Tips to keep teen drivers safe and their premiums low
With school back in session, there are many more teens on the road just before and after school hours. If you have clients with a teen who has recently joined the ranks of new drivers, here’s some information you can share with them, to promote teenage driver safety.
Half of all teens are involved in a car crash before they graduate from high school, says the National Safety Council. Here’s another sobering statistic: having just one young passenger, such as when driving a sibling to school, increases their chances of a deadly crash by 44 percent.
Young drivers have the most crashes simply because they’re the least experienced. Judging distances between their and other vehicles, gaps in traffic when deciding whether or not to change lanes and choosing safe speeds are all skills acquired over time.
But before taking away the car keys from a teen out of fear for his or her safety, there are a few things parents can do to help their teen drive more carefully. State laws and drivers training courses are a huge help – but having household rules (“My house, my rules”) can help tremendously.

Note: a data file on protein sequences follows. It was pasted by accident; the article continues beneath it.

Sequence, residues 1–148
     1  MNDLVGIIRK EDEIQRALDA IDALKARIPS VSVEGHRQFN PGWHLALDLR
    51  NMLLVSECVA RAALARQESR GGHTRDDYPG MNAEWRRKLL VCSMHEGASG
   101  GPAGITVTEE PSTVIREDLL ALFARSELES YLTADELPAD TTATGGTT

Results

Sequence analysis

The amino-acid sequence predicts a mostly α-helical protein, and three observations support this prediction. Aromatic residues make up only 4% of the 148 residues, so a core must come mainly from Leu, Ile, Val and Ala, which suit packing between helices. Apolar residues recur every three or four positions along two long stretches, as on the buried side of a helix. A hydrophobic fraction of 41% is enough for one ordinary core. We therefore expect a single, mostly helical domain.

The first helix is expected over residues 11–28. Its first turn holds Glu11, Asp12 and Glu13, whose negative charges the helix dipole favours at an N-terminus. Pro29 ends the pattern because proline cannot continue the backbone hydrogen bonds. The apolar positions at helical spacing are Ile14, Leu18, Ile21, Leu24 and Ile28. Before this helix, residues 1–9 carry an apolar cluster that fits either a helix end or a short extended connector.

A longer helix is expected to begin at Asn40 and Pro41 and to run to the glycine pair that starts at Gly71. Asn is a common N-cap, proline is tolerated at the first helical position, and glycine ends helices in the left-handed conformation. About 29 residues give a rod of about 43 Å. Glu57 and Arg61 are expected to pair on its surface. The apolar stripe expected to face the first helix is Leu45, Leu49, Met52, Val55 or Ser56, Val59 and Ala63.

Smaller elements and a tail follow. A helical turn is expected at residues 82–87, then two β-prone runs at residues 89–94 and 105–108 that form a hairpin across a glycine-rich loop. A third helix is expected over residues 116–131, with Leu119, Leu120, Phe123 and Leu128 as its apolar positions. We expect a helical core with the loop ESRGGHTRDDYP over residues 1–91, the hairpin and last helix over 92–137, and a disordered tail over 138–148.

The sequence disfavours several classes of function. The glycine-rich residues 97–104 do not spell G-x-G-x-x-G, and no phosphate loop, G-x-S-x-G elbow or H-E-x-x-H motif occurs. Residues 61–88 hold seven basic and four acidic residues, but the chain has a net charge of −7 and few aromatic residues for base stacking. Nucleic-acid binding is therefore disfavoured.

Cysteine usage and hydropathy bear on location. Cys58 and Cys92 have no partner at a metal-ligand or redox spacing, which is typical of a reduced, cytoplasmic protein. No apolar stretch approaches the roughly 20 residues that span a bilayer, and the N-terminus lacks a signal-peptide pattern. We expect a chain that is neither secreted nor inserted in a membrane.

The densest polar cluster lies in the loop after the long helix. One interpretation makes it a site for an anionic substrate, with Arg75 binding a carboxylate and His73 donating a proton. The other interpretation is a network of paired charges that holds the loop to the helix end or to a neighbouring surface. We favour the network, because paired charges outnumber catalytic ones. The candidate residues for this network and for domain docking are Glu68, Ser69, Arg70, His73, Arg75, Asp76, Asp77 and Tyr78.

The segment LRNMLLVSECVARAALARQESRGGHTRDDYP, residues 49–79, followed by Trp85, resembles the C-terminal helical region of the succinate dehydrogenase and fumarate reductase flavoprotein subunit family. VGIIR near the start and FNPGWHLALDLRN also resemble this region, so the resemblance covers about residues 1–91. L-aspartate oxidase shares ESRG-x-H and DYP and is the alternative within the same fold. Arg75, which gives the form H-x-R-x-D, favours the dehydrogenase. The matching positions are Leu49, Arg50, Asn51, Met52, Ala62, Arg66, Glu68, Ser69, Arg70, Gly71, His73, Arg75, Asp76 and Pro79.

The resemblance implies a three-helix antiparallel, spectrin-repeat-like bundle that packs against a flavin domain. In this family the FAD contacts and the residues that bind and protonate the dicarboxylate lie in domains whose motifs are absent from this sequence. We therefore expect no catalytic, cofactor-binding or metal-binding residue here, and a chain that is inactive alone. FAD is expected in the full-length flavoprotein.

The National Safety Council suggested two aids for parents with teen drivers: a New Driver Contract and a Digital Driving Coach.
New Driver Deal
Basically a written contract between parent and teen driver, the New Driver Deal outlines rules for new teen drivers – and any consequences for breaking them. The rules include everything from always wearing a seatbelt and never using a phone or eating while driving, to not driving anyone else’s car without an adult’s permission or driving while upset or tired. A sample contract to download can be found here. This is a great start for parents to encourage teenage driver safety.
Digital Driving Coach
Weekly online driving tips and lessons can be delivered to parents’ email boxes from DriveitHOME.org. Each week a new lesson is provided that parents can practice with their teen driver. Remember: young drivers crash due to inexperience. So the more time parents invest, on an ongoing basis, with their new driver lessens their vulnerability to an auto accident.
Help parents encourage teenage driver safety and arm their teens with the best driving skills and experience possible, ensuring their back-to-school safety.